Sixes are known for their ability to do consistent, hard work. Even in low health, many Sixes can summon the will to show up and put in long hours every day (although they may complain about it later). This type often makes up the backbone of employee populations, especially in important but sometimes monotonous jobs that require lots of attention to detail or time expenditure. Being dependable gives Sixes power; it helps others trust and rely on them and provide support to Sixes in return.
Sixes tend to woo romantic partners by demonstrating their own reliability. They have a fear of abandonment and instability, so they work to prove that they’re dependable and stable. Even dating can be “work” to Sixes who want to prove their loyalty. Gacy’s first wife took note of his work ethic: “Marriage to John had its positive side. He was a good provider. No one could fault him on that. He worked long hours during the day, first at the restaurant and later at the construction job. Then he came home, had dinner and often worked far into the night.”
This energy expenditure sometimes took its toll: “He avoided sleep, as if his dreams swarmed with phantoms. He would get so tired that he sometimes slumped on the living-room couch, staring straight ahead, his eyes blank and his mind obviously lost in its own dark thoughts.”
It’s undisputed that Gacy was able to grind on work. Even when sleeping an average of only two hours a night throughout his life, he managed to balance a high output on his job, his community projects, and (unfortunately) his criminal activities. He’s described as having “commitment and strict attention to club politics,” “a borderline workaholic” who impressed others through his “enthusiasm and tireless energy.” Even in prison, “Gacy concentrated on the task of learning to live as a convict. Like every other undertaking he approached, he applied himself and worked hard at it.”
Building (and breaking) trust
Sixes are called the Loyalists in the Enneagram because of the importance they place on trust. When they’re healthy, this is a positive trait: they may be slow to warm up to others, but once someone’s in their circle, they’ll go to great lengths to support them. But when Sixes are unhealthy, abusing trust is one way in which they manipulate others.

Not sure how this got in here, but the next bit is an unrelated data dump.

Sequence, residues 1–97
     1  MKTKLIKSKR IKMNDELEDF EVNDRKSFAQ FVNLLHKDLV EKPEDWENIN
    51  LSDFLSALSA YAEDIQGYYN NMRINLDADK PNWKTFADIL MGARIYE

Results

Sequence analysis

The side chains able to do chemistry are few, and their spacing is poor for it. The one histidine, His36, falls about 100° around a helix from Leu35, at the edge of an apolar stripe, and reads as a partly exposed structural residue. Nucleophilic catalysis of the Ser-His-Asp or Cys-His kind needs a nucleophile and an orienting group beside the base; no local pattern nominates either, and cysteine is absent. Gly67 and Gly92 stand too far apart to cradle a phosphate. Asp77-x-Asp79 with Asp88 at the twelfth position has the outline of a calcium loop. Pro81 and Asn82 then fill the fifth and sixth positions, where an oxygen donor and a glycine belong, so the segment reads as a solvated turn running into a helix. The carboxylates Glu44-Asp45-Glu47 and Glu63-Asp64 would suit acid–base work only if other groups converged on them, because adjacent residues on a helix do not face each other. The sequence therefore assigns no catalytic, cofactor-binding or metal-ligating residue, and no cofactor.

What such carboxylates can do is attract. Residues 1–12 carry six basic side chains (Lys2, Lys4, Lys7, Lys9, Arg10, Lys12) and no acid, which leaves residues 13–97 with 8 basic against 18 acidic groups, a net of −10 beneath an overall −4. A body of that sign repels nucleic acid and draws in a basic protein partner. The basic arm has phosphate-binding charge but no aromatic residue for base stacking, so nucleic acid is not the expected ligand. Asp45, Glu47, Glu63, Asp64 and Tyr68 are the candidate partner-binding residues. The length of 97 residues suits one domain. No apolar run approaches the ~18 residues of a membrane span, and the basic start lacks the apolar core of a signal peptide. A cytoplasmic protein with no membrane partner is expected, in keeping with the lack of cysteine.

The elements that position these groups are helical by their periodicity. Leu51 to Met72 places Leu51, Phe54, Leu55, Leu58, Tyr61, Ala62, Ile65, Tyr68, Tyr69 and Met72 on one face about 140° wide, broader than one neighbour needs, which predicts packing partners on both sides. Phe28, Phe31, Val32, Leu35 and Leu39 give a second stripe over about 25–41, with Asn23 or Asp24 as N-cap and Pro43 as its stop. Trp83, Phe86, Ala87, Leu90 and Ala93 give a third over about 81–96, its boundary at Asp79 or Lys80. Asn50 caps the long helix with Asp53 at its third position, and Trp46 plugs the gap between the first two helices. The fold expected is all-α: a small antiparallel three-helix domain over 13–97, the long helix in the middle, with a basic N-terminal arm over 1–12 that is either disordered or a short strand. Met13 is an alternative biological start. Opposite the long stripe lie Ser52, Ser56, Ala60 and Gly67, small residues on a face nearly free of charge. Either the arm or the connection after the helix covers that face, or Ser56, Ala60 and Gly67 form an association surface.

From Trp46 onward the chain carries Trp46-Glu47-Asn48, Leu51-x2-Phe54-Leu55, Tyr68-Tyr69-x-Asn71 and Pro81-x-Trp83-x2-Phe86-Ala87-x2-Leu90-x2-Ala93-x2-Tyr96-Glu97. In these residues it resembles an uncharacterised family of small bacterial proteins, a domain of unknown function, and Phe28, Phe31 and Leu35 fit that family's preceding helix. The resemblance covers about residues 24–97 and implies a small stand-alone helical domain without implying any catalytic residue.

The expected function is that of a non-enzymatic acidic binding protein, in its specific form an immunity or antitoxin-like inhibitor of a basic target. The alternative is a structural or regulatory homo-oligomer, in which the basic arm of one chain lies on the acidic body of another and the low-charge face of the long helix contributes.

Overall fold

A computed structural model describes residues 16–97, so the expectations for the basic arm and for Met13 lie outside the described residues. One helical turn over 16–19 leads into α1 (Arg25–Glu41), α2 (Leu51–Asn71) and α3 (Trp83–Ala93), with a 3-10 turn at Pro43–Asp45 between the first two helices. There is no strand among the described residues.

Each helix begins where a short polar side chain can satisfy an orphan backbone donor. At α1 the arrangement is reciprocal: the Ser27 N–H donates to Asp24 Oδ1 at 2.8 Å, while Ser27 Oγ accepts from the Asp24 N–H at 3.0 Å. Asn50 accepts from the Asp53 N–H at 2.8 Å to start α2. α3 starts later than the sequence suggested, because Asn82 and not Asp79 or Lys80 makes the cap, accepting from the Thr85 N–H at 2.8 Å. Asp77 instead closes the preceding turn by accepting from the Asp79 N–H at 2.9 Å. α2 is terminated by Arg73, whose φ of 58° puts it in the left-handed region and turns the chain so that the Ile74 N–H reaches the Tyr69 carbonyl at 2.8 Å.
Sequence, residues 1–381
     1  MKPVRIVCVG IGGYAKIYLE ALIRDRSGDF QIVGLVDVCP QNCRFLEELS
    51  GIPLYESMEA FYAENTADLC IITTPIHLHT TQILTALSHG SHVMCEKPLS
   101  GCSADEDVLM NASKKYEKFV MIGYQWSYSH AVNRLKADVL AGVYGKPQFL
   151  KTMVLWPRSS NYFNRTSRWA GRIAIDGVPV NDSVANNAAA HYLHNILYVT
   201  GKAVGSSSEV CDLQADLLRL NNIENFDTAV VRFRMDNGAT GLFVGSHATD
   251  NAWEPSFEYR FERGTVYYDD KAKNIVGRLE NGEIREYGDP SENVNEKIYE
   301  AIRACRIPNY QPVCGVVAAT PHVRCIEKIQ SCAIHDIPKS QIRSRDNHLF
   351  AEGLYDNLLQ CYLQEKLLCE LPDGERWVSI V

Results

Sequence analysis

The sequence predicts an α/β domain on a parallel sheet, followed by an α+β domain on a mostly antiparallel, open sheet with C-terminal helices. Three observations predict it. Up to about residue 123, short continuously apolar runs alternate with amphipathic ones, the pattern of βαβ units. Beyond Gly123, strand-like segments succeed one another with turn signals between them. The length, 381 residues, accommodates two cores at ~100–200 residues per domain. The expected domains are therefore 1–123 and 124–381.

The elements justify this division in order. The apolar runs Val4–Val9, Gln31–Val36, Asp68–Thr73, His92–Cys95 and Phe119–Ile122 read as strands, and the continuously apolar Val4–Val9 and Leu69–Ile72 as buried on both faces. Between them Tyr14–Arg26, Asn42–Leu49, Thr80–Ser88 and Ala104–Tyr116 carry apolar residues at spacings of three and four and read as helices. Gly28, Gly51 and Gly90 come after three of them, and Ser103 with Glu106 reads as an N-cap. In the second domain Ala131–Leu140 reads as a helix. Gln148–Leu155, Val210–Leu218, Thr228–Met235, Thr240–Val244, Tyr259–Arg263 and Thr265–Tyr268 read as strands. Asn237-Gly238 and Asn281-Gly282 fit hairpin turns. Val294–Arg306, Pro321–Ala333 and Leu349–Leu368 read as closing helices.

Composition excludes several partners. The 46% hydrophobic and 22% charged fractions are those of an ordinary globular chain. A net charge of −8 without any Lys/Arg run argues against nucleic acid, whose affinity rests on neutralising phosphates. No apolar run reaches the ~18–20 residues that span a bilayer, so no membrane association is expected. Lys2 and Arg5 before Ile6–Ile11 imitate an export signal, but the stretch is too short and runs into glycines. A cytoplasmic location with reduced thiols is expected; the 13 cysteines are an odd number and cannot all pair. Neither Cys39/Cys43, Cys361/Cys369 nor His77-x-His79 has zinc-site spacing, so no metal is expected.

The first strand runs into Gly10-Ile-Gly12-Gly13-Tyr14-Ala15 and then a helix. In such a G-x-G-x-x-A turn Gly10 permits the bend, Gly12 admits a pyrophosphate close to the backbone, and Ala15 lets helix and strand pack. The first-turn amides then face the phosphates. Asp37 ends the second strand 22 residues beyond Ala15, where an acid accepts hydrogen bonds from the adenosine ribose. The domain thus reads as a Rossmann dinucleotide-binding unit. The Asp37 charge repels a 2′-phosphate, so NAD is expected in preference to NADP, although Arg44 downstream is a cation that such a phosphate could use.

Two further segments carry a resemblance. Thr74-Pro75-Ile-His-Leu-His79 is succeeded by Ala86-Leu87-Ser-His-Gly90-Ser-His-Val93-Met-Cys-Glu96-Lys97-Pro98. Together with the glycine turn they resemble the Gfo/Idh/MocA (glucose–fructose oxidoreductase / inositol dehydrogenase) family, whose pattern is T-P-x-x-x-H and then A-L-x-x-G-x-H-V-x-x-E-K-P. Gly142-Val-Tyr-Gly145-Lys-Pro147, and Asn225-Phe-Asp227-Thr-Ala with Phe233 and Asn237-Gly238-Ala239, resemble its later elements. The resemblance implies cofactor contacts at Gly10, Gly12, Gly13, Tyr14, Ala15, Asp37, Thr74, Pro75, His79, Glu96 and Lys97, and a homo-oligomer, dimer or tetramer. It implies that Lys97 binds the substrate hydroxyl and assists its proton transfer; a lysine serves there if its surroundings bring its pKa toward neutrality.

Gacy worked to attain trust from others and exploited the trust that his victims had in him to violate them. He used his greater age, bigger size, position of power as an employer, false authority with police badges and lights, the threat of blackmail, and a litany of other lies to convince teenagers to trust him. As the prosecutor stated during Gacy’s trial for murder, “This defendant gained the confidence of many young people and abused their trust to gratify his desires.”
He told one of his first victims that "you have to have sex with a man before you start having sex with women,” and tricked several others into having sex with him after saying he was conducting sanctioned experiments on homosexuality in the interests of science, and paid them up to $50 each. Another victim told police that he “was standing on a street corner when Gacy swung his car toward the curb, flashed a badge and identified himself as a sheriff’s deputy. The youth was ordered into the car under threat of arrest.” Gacy told other victims “that he was a hit man for the Mafia, and offered to take care of anyone who was giving them trouble;” the insinuation being that he could create Mafia trouble for them too if they didn’t do what he wanted.
Even Gacy’s signature handcuff move that he used to attack his victims relied on trust. He’d do the trick on himself and show that he could escape, then ask them to let him perform it on them with disastrous consequences. If his attempts ever failed or were rebuffed, Gacy would pretend that nothing happened while continuing to try to establish his authority: